During golf lessons I teach that when putting you can use all sorts of ball positions, grips, and stances and still be a good putter. It’s a lot like hitting a baseball. If you’ve ever seen a professional baseball game, you probably noticed that every hitter has his own approach to hitting the ball, including his own stance, position in the batter’s box, and “pre-swing” routine. But if you really looked closer, you would have probably see that there are certain key fundamentals every good hitter does well that make him a good hitter. So it is with putting.
Below is a short golf instruction session on putting, perhaps the single most important influences on your golf scores. In this article on golf tips, I highlight five keys putting fundamentals common to all good putters. If you want to improve your putting, and thereby lower your golf handicap, you must execute these fundamentals well, regardless of whatever else you do while on the green. Otherwise, you’ll muddle along as just an average putter and just an average golfer.
1. Keep Your Eyes Directly Over the Ball If you ask a good putter what the secret is to putting well, chances he or she will tell you that it’s the set up. And one of the keys to adopting the right set up is maintaining your eyes directly over the ball. When you position your eyes directly over the ball you know for sure that you’re aiming directly down the target line. It also helps you keep the putter low to the ground and square to the target. And it helps keep your weight centered on the balls of your feet, which eliminates any tendency to rock backward during the shot.
2. Use an Inside To Square Swing Path Many successful putters use an inside to square swing path, once they’ve squared off their stance. An open stance encourages the putter’s blade to cut across the ball through impact. That puts sidespin on the ball instead of topspin, causing you to miss putts left, if you are a right-handed putter. An open stance also makes it harder to hit a ball solidly on longer putts. A square stance, on the other hand, encourages an inside-to-square swing path-a better swing path. It also encourages a pendulum like swing and helps keep the blade of the putter square to the hole longer.
3. Follow Through Long and Low Another common fundamental to good putting is using a follow-through that’s long and low. With a short follow-through, your stroke feels stunted and abrupt. This in turn encourages you to follow through with more of a “hit” at impact, creating the feeling of chipping the ball instead of putting it. However, if you keep your arms comfortably bent, you can easily extend your stroke down the target line with little effort. That means you can follow through more on putts, maybe as much as 15 inches on a putt or more. Hence the ball rolls more smoothly and bounces much less. From a short range you can be sure the ball won’t bounce unpredictably off the club. Following-through long and low also helps you determine the right pace on faster greens.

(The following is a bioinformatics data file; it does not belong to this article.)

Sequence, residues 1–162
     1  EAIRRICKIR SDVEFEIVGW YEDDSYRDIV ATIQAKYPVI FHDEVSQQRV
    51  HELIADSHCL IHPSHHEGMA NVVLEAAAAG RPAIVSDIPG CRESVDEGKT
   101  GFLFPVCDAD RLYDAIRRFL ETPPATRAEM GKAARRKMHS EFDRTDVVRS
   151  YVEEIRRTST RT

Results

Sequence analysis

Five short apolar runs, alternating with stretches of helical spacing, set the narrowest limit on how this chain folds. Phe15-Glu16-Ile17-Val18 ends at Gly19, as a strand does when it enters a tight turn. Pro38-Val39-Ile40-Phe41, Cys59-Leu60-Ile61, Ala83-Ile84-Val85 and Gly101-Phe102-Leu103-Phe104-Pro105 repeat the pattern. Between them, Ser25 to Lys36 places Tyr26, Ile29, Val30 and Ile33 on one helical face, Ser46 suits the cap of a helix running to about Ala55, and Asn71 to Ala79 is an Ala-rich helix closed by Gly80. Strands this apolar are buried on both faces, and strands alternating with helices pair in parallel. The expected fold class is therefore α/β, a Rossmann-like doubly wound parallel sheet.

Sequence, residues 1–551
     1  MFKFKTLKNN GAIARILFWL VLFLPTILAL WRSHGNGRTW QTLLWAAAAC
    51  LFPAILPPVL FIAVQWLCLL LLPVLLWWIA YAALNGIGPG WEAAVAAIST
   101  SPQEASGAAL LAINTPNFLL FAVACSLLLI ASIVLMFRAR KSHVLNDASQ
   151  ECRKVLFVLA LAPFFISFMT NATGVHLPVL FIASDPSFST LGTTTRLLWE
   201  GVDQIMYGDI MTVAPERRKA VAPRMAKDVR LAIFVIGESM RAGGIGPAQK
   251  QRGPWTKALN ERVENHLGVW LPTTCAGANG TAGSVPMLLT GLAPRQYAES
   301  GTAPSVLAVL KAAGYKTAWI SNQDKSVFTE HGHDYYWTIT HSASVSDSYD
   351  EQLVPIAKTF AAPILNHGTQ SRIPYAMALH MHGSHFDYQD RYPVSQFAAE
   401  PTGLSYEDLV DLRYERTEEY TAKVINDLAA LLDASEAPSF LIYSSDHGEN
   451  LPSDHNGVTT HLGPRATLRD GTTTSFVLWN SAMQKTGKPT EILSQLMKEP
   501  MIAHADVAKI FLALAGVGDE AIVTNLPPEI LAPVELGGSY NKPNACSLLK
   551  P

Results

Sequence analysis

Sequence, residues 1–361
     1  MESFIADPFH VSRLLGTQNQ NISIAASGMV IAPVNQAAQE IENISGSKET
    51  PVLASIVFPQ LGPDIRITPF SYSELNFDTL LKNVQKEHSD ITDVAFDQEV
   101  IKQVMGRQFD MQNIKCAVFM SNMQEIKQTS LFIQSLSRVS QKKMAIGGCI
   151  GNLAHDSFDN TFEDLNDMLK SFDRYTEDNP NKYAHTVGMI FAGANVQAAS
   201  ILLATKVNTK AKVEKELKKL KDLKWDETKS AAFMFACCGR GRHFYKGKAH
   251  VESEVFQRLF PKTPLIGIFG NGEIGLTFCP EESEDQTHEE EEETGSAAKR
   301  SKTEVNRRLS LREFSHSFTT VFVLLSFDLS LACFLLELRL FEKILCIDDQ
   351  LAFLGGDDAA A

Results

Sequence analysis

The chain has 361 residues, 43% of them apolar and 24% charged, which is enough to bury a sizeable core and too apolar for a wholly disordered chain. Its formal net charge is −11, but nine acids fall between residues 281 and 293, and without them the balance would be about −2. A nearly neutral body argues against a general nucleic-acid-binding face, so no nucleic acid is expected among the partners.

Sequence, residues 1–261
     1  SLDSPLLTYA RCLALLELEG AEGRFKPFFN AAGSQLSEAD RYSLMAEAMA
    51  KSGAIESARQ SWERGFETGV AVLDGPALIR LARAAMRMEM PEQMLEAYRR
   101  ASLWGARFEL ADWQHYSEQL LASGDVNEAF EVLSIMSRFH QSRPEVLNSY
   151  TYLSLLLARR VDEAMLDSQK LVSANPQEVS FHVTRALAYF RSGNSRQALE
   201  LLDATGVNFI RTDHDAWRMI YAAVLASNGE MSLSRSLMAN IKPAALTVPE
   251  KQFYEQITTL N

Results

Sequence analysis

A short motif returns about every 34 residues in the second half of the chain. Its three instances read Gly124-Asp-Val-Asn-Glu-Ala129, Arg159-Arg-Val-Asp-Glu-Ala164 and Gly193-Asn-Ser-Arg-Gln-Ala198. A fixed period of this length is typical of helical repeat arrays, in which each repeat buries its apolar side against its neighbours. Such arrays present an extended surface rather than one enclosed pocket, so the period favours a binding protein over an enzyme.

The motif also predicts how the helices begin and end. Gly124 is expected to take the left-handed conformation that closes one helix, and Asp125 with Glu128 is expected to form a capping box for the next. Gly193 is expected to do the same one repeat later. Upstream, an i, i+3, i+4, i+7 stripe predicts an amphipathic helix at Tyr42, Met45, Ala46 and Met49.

4. Change Backswing Stroke, Not Tempo There are certain elements of putting that are all too often ignored in golf lessons but that are nonetheless important. Tempo is one of them. The surface texture of the putting green doesn’t matter as much as maintaining the same swing tempo while putting. The same is true of stroke length. If you’re going to improve your putting, you need to learn what tempo (stroke speed) best suits you, and then stick to it. Trying to produce different tempos to match different surfaces is extremely difficult. It’s better to vary the length of your backswing, then the tempo at which your swing the sputter. Learning to maintain the same tempo while varying the length of your stroke will increase your consistency and confidence when putting.
5. Speed Determines the Line Pace and fluidity, like tempo, are sometimes ignored in golf instruction sessions on putting. The teacher and student are often far more concerned about the mechanics of the putting stroke that these elements. That doesn’t mean they aren’t important. Both pace and fluidity are critical in determining the line of your putt. Knowing your own tendencies also helps you compute the line. If you’re normally an aggressive person, allow less line for your break, than if you are a lag putter. And vice versa. Once you’ve decided on the direction of your putt, point the ball’s trademark down the desired target line. This will give you confidence that the blade is square to the target line.
These five steps on putting all seem to be common elements that good putters excel at. You need to work on them to become a good putter and a player with a single-digit golf handicap. But they’re not the only ones. So keep your eyes and ears open. Try to pick up other golf tips on putting that can help become more than just an average putter and golfer.
Copyright (c) 2007 Jack Moorehouse